By Bill Parry
Hundreds of spectators along the banks of Newtown Creek watched the remains of the old Kosciuszko Bridge come down in a controlled explosion Sunday. Gov. Andrew Cuomo joined city and state officials on the Brooklyn side to watch the implosion just after 8 a.m. using a process called energetic felling, part of the $873 million project to replace the 78-year-old dilapidated crossing with two new state-of-the-art, cable-stayed bridges.
“After years of stagnation and stunted ambition, we are building across the state bigger and better than before, and the energetic felling of the old bridge to make way for the new, on budget and ahead of schedule bridge, showcases our renewed commitment to building new, inspiring infrastructure for the future,” Cuomo said. “The new cable-stayed bridge is a monument that brings people together, straddling two boroughs that have welcomed generations of immigrants from all over the globe.”
The main span was dismantled and lowered to a barge on Newtown Creek July 24 and the controlled explosion took out the remaining steel tresses on the Queens and Brooklyn sides. Demolition experts used shaped charges to drop the 11,000 tons of steel trusses to a prepared landing below and the process met all New York Codes and while huge clouds of dust were inevitable, there were no air quality concerns according to the governor’s office.
“I am delighted to join Gov. Cuomo as we say goodbye to the last remnants of the old Kosciuszko Bridge, a span that had outlasted its time,” U.S Rep. Carolyn Maloney (D-Astoria) said. “We do not lament the passing of the old bridge.”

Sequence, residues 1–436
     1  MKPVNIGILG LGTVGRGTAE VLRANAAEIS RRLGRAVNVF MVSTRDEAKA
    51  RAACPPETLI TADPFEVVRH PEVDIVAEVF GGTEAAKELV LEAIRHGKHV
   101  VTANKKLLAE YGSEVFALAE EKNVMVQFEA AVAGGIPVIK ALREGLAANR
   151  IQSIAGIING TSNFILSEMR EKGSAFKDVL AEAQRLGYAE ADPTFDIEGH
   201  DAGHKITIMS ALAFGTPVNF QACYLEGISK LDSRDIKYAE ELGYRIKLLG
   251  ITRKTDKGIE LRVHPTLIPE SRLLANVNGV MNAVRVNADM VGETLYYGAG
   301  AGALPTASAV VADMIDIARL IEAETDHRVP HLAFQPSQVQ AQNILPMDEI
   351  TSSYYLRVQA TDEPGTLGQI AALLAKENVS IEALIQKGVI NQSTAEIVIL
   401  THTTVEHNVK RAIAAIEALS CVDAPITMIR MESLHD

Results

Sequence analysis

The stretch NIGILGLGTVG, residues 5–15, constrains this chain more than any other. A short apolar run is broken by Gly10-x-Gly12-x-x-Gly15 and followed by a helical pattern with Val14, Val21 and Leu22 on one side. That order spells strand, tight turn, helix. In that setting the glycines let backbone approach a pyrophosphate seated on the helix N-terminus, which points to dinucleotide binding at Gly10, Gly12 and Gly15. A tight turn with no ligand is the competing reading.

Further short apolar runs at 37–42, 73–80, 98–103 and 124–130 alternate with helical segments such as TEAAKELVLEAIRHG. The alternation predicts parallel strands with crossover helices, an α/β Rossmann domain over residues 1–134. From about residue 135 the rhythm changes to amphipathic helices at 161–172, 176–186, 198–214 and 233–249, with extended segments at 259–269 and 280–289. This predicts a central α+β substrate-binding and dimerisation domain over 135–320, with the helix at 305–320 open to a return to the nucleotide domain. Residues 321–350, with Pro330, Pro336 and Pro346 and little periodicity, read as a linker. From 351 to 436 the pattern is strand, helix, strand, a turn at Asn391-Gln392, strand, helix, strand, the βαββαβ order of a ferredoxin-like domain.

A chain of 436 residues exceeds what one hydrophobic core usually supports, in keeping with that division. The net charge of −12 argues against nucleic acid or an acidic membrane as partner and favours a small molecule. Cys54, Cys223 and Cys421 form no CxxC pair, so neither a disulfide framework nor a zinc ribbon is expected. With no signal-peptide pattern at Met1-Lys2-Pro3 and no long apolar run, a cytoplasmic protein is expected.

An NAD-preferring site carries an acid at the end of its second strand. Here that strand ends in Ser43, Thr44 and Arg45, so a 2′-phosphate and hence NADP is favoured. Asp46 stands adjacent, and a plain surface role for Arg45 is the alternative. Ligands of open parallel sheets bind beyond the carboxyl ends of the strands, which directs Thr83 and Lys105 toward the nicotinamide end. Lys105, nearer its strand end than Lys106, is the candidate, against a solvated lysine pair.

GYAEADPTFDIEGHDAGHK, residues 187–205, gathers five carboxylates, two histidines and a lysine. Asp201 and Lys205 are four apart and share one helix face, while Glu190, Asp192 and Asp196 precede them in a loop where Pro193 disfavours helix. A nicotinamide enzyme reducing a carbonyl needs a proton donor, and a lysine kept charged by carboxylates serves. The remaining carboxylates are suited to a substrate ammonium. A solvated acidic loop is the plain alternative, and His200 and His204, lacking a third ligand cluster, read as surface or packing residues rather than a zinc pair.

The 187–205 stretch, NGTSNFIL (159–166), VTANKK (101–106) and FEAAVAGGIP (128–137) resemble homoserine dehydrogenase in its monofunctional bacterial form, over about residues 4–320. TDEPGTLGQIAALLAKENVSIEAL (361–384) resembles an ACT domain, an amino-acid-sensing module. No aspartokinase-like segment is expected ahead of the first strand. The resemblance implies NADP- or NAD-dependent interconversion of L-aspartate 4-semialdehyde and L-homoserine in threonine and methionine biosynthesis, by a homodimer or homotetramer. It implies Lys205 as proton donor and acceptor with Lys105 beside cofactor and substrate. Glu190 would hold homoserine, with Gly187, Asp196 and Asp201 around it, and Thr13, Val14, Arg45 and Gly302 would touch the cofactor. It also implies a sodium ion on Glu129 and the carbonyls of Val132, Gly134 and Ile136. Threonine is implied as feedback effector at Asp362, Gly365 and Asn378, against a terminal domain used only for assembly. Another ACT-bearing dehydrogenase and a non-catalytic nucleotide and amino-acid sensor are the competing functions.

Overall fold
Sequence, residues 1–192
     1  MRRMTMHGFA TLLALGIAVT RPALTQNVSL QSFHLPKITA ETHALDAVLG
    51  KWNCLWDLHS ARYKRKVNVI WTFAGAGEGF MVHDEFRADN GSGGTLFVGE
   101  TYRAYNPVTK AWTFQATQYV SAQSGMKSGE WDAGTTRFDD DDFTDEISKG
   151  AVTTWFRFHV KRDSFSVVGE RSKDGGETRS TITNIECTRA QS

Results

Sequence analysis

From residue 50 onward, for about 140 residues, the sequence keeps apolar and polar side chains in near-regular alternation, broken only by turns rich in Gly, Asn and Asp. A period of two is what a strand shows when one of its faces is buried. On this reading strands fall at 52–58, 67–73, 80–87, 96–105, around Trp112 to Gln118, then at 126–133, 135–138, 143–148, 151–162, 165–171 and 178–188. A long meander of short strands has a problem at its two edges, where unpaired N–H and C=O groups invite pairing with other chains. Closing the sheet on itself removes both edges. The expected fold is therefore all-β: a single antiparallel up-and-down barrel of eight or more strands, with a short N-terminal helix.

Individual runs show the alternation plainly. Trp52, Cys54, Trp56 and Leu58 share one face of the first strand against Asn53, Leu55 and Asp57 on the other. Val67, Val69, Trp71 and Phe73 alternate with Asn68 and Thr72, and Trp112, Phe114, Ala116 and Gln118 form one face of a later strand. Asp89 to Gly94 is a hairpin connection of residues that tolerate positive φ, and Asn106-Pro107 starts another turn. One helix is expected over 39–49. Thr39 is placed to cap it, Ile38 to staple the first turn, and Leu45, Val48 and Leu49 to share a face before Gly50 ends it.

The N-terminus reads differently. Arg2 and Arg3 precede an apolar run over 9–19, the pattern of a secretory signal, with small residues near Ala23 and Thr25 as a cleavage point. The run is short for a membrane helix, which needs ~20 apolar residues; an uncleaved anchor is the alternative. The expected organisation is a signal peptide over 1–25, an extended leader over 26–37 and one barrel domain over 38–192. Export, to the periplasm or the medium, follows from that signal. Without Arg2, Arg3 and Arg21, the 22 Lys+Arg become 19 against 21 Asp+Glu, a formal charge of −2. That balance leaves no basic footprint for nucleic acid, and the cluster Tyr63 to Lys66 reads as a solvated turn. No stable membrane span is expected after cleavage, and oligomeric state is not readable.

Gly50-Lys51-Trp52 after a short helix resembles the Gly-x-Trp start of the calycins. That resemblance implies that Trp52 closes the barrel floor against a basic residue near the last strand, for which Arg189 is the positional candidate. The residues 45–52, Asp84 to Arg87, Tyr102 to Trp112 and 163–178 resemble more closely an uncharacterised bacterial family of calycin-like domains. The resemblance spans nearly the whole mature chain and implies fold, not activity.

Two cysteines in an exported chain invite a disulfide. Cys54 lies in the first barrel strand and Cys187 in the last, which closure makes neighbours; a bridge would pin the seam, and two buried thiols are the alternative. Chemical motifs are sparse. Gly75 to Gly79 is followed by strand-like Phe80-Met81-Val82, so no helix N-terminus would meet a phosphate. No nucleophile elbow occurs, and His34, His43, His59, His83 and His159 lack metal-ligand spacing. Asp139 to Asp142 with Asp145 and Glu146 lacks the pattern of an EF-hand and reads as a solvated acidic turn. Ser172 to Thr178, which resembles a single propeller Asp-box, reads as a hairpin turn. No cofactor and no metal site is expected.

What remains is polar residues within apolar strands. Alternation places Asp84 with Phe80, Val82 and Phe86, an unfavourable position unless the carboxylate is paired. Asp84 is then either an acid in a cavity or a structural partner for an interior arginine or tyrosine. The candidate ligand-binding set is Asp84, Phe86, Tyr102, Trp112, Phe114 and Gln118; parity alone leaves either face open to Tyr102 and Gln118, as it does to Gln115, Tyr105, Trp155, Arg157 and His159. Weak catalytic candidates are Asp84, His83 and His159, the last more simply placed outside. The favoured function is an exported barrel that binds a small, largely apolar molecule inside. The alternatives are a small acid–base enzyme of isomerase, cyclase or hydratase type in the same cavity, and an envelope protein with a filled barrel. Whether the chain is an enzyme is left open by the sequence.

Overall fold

Cuomo opened the first span of the new Kosciuszko Bridge in April, celebrating the completion of the $555 million first phase of the project, the largest single contract the state Department of Transportation has ever undertaken.
The second span is expected to be completed in 2019, giving 200,000 vehicles a day a total of nine lanes.
“Today’s energetic felling will pave the way for the second span of the new Kosciuszko Bridge to be built where the old bridge once stood,” Queens Borough President Melinda Katz said. “It is a major step toward a fully complete Kosciuszko Bridge that not only connects two boroughs of the greatest city in the world, but also symbolizes a tangible reminder of New York as a nationwide leader in innovation.”
The original bridge was designed for 10,000 cars a day when it opened in 1932 but was carrying more than 180,000 a day in recent years.
“The Kosciuszko Bridge had to be replaced,” Cuomo said. “I think there’s been traffic on that bridge, and a bottleneck, since the day it was built.”
Reach reporter Bill Parry by e-mail at bparr